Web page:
New York City Mayor Eric Adams and New York City Comptroller Brad Lander today hailed Fitch Ratings for upgrading the city’s bond rating to AA from AA-.
The upward revision comes just one year into their terms and reflects the administration’s strong fiscal management, which has placed the city in a significantly stronger position to weather future economic storms. The rating agency also highlighted that the city has now recovered 90 percent of jobs lost due to the COVID-19 pandemic, driven by substantial growth in 2022, and that the city has resumed its role as a leading international and domestic tourist destination.
“Since day one, fiscal discipline has been a hallmark of our administration,” said Mayor Adams. “Last year, Fitch Ratings raised our General Obligation Bond credit outlook in recognition of our strong fiscal management and the record reserves we have set aside, and, today, we’re proud to be announcing that they’re raising the rating because of the hard, but necessary choices this administration was willing to make. We will continue to build an equitable recovery and use taxpayer dollars wisely as we continue to ‘Get Stuff Done’ for New Yorkers across the city.”
“New York City stands on solid financial footing coming out of the pandemic, thanks to the vibrancy and resiliency of our economy and the support of federal aid. Fitch Ratings’ upgrade of their credit rating on our General Obligation bonds recognizes the strong steps the City of New York has taken to shore up our reserves with the largest deposit yet in our rainy day fund, as well as our ‘exceptionally strong’ budget oversight and fiscal management. As we face uncertainty in the global economy in the coming months, the City of New York is well positioned to sustain services, invest in our infrastructure, and foster better shared economic opportunity for New Yorkers,” said Comptroller Lander.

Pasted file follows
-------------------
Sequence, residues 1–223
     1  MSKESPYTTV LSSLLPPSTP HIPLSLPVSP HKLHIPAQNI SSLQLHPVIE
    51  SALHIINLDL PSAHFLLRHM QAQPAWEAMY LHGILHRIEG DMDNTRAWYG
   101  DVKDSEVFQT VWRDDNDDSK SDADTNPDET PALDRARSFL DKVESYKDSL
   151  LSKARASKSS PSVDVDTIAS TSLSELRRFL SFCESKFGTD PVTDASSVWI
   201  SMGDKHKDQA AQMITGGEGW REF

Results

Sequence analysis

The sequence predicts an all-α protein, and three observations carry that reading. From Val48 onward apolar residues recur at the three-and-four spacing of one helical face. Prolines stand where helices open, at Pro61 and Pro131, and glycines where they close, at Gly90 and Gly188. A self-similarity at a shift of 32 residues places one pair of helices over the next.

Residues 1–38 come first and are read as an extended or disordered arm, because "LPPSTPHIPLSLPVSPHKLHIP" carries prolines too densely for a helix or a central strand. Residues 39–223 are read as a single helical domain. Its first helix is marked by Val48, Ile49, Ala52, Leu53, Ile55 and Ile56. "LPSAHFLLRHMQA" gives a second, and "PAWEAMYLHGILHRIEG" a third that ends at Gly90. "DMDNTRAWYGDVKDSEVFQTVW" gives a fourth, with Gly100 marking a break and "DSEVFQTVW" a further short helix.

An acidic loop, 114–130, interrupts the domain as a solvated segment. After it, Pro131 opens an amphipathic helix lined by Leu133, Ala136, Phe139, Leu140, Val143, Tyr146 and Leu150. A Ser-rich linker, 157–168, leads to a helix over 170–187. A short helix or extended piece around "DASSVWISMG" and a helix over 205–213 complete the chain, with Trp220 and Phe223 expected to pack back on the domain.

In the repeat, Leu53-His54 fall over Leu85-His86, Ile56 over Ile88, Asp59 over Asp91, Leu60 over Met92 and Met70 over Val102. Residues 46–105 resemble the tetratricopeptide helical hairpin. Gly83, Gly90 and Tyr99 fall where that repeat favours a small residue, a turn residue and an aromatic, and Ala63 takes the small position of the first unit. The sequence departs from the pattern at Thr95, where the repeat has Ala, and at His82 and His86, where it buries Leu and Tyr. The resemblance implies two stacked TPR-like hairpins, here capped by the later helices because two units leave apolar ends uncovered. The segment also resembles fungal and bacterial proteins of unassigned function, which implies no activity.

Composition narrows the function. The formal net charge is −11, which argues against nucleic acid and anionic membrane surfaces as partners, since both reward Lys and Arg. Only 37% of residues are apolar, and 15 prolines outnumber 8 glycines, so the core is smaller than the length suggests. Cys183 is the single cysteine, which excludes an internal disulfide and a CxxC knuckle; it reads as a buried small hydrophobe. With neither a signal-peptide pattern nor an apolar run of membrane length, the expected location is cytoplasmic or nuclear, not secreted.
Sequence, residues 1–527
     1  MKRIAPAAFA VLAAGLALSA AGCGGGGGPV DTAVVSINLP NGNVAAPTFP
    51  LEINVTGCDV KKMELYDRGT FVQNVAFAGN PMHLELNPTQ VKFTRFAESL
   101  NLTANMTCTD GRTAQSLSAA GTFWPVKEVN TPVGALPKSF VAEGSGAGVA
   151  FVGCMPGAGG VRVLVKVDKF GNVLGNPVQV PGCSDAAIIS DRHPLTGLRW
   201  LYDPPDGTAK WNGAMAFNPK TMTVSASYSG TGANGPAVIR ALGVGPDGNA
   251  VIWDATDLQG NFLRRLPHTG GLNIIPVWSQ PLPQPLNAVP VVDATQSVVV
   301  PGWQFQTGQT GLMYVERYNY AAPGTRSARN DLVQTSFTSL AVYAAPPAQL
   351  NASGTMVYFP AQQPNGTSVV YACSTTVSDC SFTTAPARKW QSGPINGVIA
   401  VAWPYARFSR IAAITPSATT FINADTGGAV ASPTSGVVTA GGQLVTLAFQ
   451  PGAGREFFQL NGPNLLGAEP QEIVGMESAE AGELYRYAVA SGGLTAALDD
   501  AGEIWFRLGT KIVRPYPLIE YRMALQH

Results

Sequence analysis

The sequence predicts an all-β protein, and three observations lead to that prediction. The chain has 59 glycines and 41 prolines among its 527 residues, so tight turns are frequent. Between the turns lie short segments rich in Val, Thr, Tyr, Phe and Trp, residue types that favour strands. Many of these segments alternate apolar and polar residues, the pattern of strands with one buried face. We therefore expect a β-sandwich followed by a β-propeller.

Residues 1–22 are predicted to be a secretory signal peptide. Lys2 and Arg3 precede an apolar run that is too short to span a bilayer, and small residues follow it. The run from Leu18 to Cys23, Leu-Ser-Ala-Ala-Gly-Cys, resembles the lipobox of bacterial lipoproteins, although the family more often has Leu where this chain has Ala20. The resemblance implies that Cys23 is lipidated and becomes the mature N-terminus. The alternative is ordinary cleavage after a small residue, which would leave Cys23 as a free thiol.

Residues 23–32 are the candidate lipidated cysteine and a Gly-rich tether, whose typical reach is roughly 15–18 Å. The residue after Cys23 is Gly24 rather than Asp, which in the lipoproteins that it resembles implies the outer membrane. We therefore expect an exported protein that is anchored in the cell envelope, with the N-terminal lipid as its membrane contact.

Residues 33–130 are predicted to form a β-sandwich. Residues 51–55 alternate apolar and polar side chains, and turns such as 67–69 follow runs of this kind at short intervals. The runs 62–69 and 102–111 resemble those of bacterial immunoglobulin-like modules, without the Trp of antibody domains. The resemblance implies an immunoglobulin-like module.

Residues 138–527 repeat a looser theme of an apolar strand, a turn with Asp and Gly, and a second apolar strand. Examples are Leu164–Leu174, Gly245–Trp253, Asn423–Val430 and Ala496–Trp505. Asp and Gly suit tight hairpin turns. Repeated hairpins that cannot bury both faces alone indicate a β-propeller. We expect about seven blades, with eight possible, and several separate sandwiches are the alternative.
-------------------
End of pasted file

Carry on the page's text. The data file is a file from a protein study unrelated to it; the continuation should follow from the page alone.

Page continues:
Fitch praised the administration’s fiscal management, noting actions to increase reserves and achieve savings. Budget reserves are now a record $8.3 billion. Achieving savings is a priority of this administration, which is why the mayor implemented Program to Eliminate the Gap (PEG) initiatives in Fiscal Years 2022 (FY22) and 2023 (FY23), including a PEG initiative in the FY23 November Plan. Most recently, the Adams administration implemented savings measures in January’s Preliminary Budget which streamlined city operations and increased citywide savings since last June to more than $3 billion over FY23 and Fiscal Year 2024 (FY24). Fitch also commended the city’s success in controlling employee headcount as means of managing spending and achieving savings.
Further, as rating agencies continue to elevate the importance of environmental sustainability and resiliency, Fitch noted the city’s substantial investment in environmental resiliency efforts, and having gone further than most coastal communities in its efforts to fight the impact of climate change. The Adams administration will reveal the expansion of its sustainability agenda in April 2023’s update to PlaNYC, which will include a new, first-of-its-kind climate budgeting process.
In January, Mayor Eric Adams released New York City’s $102.7 billion Preliminary Budget for FY24. The budget reflects the mayor’s ongoing commitment to promoting an equitable recovery by making investments in affordable housing, keeping city streets clean, ensuring the safety of communities, and promoting a greener, healthier city. The Preliminary Budget also doubles down on Mayor Adams’ commitment to fiscal responsibility by spending limited city resources wisely amid the ongoing economic and fiscal challenges facing the city, state, and nation, and maintaining the city’s budget reserves at a record level of $8.3 billion.
The Mayor’s Office of Management and Budget (OMB) and the Comptroller’s Office jointly issue bonds to finance city infrastructure including the city’s roads and bridges, schools, water and sewer infrastructure, parks, libraries, and climate resiliency infrastructure. Since January 1, 2022, the city has sold $6.14 billion in refunding bonds, achieving $917 million in debt service savings in challenging bond markets. In October 2022, OMB and the Comptroller’s Office collaborated to issue New York City’s first social bonds, securing $400 million in financing for over 3,000 units of deeply affordable housing.